Happy World Water Day!

Water is at the root of everything. Our environment, socio-economic development, poverty reduction, and the fulfillment of the most basic human needs all depend on it.

Yet in 2013, about one-ninth of our world’s population -- 780 million people -- lack access to clean water. And about 3.4 million of these people die annually as a result.

So ten years ago today, the United Nations General Assembly declared March 22 as World Water Day -- a day for the whole world to focus attention on the importance of clean, accessible water.

Each year, a specific theme is highlighted. 2013 has been named the International Year of Water Cooperation. Water is a shared resource and its management must take into account conflicting interests. So this year, the United Nations is recognizing the importance of cooperation and using water as an instrument of peace. Water cooperation requires a multitude of factors to be considered -- including cultural, educational, scientific, religious, political, ethical, legal, social, institutional, and economic interests.

The cold hard truth is that...

  • Every 21 seconds, a child dies from a water-related illness.
  • More people have a mobile phone than a toilet.
  • Diarrhea kills more children every year than malaria, AIDs, and measles combined -- about 1.5 million.
  • Half of the hospital beds in the world are occupied by patients suffering from diseases associated with unsafe drinking water, inadequate sanitation, and poor hygiene.
  • An estimated 10% of the global disease burden could be reduced through improved water resource management.
  • People living in informal settlements like slums often pay 5 to 10 times more per liter of water than wealthy people living in the same city.
  • An estimated 200 million hours are spent each day globally collecting water.
Women are almost always the ones responsible for finding and collecting water for their families -- not only for drinking but also for bathing, cooking, and cleaning. They can spend hours of their day walking long distances and carrying extremely heavy loads -- sometimes just for contaminated water that can make them or their family sick.

The huge time burden of collecting water means that this is time not spent at an income-generating job, caring for family members, or attending school. Simply eliminating the time spent every day collecting water in many parts of the world could in itself provide huge economic opportunity.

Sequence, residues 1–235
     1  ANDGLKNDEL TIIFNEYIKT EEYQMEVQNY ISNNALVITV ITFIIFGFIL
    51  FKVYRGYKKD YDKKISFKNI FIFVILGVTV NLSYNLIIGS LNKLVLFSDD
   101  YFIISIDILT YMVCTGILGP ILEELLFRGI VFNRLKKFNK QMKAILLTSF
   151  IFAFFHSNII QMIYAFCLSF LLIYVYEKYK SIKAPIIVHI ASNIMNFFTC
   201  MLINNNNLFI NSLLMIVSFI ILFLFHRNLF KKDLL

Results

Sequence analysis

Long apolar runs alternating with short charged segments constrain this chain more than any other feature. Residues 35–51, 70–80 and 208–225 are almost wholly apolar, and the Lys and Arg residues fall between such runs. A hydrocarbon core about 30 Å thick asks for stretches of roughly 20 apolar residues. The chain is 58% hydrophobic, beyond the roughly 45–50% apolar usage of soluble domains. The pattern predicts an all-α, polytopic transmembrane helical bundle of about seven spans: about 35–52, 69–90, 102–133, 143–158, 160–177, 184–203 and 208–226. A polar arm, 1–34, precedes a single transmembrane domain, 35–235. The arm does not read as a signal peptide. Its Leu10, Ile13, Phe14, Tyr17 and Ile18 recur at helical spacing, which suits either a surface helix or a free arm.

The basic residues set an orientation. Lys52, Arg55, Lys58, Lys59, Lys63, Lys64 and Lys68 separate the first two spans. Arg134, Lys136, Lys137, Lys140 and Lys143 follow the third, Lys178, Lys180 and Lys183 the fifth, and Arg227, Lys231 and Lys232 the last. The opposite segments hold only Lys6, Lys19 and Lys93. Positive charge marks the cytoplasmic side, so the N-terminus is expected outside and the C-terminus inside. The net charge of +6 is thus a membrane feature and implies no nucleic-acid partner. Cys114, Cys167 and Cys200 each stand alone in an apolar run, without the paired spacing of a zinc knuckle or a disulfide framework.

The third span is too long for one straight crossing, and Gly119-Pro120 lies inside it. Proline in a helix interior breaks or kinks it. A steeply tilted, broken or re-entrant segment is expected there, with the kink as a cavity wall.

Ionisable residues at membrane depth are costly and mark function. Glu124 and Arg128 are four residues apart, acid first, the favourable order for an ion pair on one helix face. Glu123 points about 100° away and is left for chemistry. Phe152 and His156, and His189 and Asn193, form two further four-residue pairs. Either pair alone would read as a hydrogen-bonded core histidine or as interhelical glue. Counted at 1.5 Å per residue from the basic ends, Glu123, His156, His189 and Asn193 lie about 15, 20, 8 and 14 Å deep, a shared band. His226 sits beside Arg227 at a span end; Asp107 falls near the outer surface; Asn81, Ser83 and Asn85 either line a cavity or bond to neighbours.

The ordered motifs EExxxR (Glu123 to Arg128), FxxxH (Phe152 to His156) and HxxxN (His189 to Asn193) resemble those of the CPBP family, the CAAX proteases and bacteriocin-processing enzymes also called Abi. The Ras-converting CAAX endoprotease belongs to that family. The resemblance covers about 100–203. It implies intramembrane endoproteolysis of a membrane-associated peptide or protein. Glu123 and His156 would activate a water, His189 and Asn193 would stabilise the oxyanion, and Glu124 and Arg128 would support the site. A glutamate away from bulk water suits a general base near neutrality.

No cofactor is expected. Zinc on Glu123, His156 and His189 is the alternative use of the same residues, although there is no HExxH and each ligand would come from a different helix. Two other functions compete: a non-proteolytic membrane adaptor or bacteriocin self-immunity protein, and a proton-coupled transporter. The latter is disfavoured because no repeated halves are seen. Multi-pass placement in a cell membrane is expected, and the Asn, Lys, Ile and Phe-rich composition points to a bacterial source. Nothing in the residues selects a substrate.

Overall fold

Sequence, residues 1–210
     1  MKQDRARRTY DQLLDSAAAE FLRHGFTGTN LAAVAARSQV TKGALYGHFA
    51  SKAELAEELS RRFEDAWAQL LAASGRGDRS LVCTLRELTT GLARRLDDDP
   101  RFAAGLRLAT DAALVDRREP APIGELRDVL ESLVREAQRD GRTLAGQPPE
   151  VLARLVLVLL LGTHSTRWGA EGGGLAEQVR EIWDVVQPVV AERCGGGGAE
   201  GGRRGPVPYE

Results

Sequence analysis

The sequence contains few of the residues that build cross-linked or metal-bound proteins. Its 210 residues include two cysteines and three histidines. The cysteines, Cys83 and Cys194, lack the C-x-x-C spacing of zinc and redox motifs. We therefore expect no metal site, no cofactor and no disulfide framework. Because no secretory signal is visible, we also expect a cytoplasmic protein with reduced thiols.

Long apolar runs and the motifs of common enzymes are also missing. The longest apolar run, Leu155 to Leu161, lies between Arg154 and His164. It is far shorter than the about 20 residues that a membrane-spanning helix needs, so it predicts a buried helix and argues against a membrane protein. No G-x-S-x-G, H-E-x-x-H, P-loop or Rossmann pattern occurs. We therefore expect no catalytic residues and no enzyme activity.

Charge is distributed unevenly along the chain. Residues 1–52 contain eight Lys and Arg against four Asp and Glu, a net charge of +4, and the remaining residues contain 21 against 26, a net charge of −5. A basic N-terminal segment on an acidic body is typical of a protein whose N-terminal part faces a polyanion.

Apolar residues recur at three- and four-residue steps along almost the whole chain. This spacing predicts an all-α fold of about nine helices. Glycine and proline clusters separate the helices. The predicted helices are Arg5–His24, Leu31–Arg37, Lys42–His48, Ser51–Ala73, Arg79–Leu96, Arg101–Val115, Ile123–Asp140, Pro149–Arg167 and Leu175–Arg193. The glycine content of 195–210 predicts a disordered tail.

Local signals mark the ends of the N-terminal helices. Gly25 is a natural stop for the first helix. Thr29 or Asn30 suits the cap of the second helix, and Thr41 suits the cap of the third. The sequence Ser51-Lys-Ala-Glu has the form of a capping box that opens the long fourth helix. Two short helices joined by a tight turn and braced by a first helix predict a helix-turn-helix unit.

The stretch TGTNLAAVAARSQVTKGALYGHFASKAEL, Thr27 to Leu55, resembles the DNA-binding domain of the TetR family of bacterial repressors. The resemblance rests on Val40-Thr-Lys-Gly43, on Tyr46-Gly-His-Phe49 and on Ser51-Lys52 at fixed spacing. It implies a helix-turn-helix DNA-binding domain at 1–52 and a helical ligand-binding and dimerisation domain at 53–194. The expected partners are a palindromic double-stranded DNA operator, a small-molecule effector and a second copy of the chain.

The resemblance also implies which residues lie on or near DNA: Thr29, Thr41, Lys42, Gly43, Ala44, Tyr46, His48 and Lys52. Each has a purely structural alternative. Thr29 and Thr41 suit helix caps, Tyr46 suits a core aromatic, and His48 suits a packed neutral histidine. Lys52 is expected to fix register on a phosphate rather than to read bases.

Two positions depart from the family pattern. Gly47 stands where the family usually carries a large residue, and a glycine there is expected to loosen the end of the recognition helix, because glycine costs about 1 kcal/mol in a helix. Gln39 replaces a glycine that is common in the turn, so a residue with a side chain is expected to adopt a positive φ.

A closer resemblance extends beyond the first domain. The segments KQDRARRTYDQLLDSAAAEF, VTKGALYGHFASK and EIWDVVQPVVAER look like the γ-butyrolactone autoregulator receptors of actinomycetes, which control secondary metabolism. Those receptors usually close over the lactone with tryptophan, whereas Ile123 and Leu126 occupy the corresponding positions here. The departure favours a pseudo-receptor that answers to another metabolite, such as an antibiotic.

While we have made huge strides in providing clean, accessible water in the past decades, there is still a lot of work to be done. Today, one child dies from a water related disease every 21 seconds, but in 2009 it was every 15 seconds -- equaling about 1,656 children’s lives saved every day.

However, many families are still left with the “choice” of certain death from no water or possible death as a result of illnesses from contaminated water -- a horrible and unacceptable reality.

Here at Kiva, we have partnered with Sanergy in Nairobi, Kenya to provide safe, accessible, and affordible sanitation services to slum residents as well as economic opportunity. Sanergy sells their relatively cheap toilets to local operators, providing them with training and ongoing support. These franchisees in turn charge a nominal fee for local slum residents to use the toilets -- providing economic opportunity for the operator as well as significantly improving health and sanitation in the neighborhood. The waste is collected and properly disposed of daily -- and now Sanergy is converting this waste into economically valuable resources like electricity and organic fertilizer. Kiva loans are used to help operators buy their toilets upfront.

This is just one of the ways that Kiva is working to combat this global problem. We love that we can partner with institutions that provide clean water and sanitation all while continuing to providing economic opportunity. 

You can also celebrate this World Water Day by donating to causes like water.org that increase accessibility to clean and safe water where it is needed most or making a water and sanitation loan to a borrower on Kiva

Have questions about Kiva's efforts to expand access to clean water? Send them to blog@kiva.org!

About the author

Emily Wakefield

A native of southern California, Emily is a recent graduate from Santa Clara University where she studied Economics and Spanish Studies. The highlight of her college experience was the semester she spent abroad in Granada, Spain. She knew she wanted to pursue a career in economic development after reading Half the Sky. Emily will be joining the Marketing and Communications team as a Blog and Social Media Intern and is especially excited to find new and creative ways to spread Kiva’s work to more people. In her spare time, she enjoys reading, listening to country music, and re-watching Friends episodes for the millionth time.